Now I have taught a few survey courses in American history, both at the university and community college level. And I’ve spent more than 18 years inside and outside the classroom training post-secondary (and high school) peer tutors in the basics of learning theory to promote active learning and Socratic dialogue in tutoring sessions. If there is one thing I have staked my career on, it is the value of active learning. But this article all but demonizes the lecture. This is shortsighted and, frankly, foolish.

Case in point: “In fact, recent evidence indicates that lecturing actively harms underrepresented minority and low-income students.” Much more nuanced and evidenced-based are the recommendations and strategies of the K. Patricia Cross Academy. Enhanced classroom engagement techniques followed by a variety of classroom assessment strategies, in my estimation, can be improved and expanded. But to suggest that there is no place for the lecture is wrong and ignores the strong research-supported value of direct instruction for all students.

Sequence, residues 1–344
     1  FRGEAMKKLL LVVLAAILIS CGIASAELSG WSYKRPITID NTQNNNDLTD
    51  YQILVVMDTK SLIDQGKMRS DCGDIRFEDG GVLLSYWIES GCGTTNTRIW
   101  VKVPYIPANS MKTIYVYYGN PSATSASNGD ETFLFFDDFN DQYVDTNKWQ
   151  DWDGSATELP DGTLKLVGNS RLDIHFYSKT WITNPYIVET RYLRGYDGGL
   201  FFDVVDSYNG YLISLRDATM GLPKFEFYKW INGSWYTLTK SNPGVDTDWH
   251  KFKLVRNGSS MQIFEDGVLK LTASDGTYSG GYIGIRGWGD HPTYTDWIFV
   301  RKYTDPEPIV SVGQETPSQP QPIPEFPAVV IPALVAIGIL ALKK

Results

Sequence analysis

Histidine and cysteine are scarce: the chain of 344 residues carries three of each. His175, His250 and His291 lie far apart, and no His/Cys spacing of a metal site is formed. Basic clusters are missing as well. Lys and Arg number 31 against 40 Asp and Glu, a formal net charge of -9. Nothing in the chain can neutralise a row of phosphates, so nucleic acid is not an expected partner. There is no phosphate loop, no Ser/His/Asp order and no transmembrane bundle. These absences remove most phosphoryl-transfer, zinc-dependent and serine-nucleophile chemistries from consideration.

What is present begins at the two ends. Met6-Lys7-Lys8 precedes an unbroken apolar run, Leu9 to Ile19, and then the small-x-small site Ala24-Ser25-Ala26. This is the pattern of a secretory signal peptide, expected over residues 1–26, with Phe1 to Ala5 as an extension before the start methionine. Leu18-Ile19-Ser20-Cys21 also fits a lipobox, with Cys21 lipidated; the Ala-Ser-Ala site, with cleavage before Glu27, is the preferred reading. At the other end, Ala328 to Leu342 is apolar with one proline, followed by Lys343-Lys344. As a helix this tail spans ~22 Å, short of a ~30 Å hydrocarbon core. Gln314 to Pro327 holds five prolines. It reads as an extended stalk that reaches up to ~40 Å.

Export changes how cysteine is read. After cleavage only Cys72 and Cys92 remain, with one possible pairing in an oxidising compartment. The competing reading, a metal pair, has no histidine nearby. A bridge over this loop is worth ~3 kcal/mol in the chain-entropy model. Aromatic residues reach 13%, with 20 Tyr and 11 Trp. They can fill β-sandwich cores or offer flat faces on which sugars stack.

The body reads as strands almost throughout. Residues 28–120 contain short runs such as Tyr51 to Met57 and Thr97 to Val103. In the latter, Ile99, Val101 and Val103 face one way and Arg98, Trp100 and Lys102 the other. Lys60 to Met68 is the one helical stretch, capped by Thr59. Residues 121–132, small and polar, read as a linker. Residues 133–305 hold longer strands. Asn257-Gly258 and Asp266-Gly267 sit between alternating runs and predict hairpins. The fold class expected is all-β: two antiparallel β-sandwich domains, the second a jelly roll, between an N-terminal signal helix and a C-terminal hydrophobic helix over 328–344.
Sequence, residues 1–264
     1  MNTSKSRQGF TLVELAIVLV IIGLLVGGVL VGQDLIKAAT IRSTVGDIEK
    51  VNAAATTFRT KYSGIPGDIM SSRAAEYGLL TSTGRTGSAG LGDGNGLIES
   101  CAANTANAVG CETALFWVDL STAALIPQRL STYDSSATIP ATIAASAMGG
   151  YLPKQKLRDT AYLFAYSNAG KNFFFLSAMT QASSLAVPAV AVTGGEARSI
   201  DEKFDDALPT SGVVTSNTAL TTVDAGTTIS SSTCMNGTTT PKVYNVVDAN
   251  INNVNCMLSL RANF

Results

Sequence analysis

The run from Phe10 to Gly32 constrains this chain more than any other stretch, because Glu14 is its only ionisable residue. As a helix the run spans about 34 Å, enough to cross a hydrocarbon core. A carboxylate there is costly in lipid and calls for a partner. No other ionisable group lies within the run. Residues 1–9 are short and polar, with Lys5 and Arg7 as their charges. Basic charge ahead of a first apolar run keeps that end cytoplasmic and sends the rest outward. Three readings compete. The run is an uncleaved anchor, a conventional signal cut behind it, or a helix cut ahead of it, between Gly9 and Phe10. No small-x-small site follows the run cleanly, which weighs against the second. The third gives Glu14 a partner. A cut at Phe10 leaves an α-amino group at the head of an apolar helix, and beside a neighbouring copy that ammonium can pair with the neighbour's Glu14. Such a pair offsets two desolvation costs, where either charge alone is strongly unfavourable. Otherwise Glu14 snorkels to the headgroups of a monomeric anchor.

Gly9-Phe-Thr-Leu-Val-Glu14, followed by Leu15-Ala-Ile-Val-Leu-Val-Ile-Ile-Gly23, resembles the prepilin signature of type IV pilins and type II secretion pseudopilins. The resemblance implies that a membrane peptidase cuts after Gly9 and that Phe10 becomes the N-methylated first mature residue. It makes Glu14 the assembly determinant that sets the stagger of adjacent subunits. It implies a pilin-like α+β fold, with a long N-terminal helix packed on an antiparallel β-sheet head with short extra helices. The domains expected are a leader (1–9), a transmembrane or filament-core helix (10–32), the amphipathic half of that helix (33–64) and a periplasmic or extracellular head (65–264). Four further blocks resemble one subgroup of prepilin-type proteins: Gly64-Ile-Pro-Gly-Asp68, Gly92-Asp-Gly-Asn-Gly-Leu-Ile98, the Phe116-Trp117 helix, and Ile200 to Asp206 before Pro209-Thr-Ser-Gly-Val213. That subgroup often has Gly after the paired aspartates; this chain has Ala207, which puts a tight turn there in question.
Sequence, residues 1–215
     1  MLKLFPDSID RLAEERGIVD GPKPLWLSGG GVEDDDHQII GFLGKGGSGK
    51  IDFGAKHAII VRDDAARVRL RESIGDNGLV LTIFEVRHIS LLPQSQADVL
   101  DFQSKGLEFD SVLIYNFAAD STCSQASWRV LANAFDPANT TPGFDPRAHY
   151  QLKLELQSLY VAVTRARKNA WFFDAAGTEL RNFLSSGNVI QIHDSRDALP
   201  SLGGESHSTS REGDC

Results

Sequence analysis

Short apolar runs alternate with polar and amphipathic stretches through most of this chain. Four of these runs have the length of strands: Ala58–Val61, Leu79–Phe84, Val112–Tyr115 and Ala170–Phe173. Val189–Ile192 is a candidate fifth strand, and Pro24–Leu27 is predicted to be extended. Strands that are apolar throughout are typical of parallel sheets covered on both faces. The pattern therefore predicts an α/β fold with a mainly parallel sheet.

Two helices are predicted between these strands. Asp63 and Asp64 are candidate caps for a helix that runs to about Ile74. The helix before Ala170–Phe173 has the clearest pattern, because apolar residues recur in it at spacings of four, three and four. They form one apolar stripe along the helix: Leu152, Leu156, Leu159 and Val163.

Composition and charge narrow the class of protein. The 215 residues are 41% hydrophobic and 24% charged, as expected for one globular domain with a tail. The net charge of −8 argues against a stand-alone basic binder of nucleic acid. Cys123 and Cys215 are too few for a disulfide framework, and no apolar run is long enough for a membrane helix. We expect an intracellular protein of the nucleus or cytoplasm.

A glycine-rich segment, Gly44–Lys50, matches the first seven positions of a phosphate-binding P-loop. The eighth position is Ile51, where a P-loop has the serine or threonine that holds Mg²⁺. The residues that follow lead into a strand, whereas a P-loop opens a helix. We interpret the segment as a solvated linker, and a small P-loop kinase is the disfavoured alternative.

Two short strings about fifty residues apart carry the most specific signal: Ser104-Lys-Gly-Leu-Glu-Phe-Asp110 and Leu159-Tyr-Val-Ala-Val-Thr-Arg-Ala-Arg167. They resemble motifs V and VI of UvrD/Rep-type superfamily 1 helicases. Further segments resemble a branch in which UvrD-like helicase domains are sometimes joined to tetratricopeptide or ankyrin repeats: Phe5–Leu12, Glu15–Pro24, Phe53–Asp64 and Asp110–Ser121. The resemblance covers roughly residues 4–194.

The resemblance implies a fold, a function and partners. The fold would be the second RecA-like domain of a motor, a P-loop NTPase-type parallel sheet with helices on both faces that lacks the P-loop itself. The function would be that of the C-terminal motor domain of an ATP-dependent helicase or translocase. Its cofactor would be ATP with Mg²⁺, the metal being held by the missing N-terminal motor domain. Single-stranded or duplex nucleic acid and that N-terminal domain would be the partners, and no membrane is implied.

Equality

Giving every student the exact same resources is equality. Equality acknowledges the patchwork of students and endeavors to help all the patches fairly. Equality individualizes students and allows professors the freedom to judge student work solely based on merit. Equality even calls for looking at all the data on why there is an achievement gap. Conversely, giving resources based on the needs of students is equity. Equity not only acknowledges the patchwork but enforces a rigid matrix of ethnic, racial, and gender affiliations—the “holy trinity” of the academy—and assigns disadvantages to some groups and privileges to others. Equity places students in affinity groups and encourages professors to judge student work based on perceived hardships. Equity assigns the blame for the achievement gap on the institution and professors only.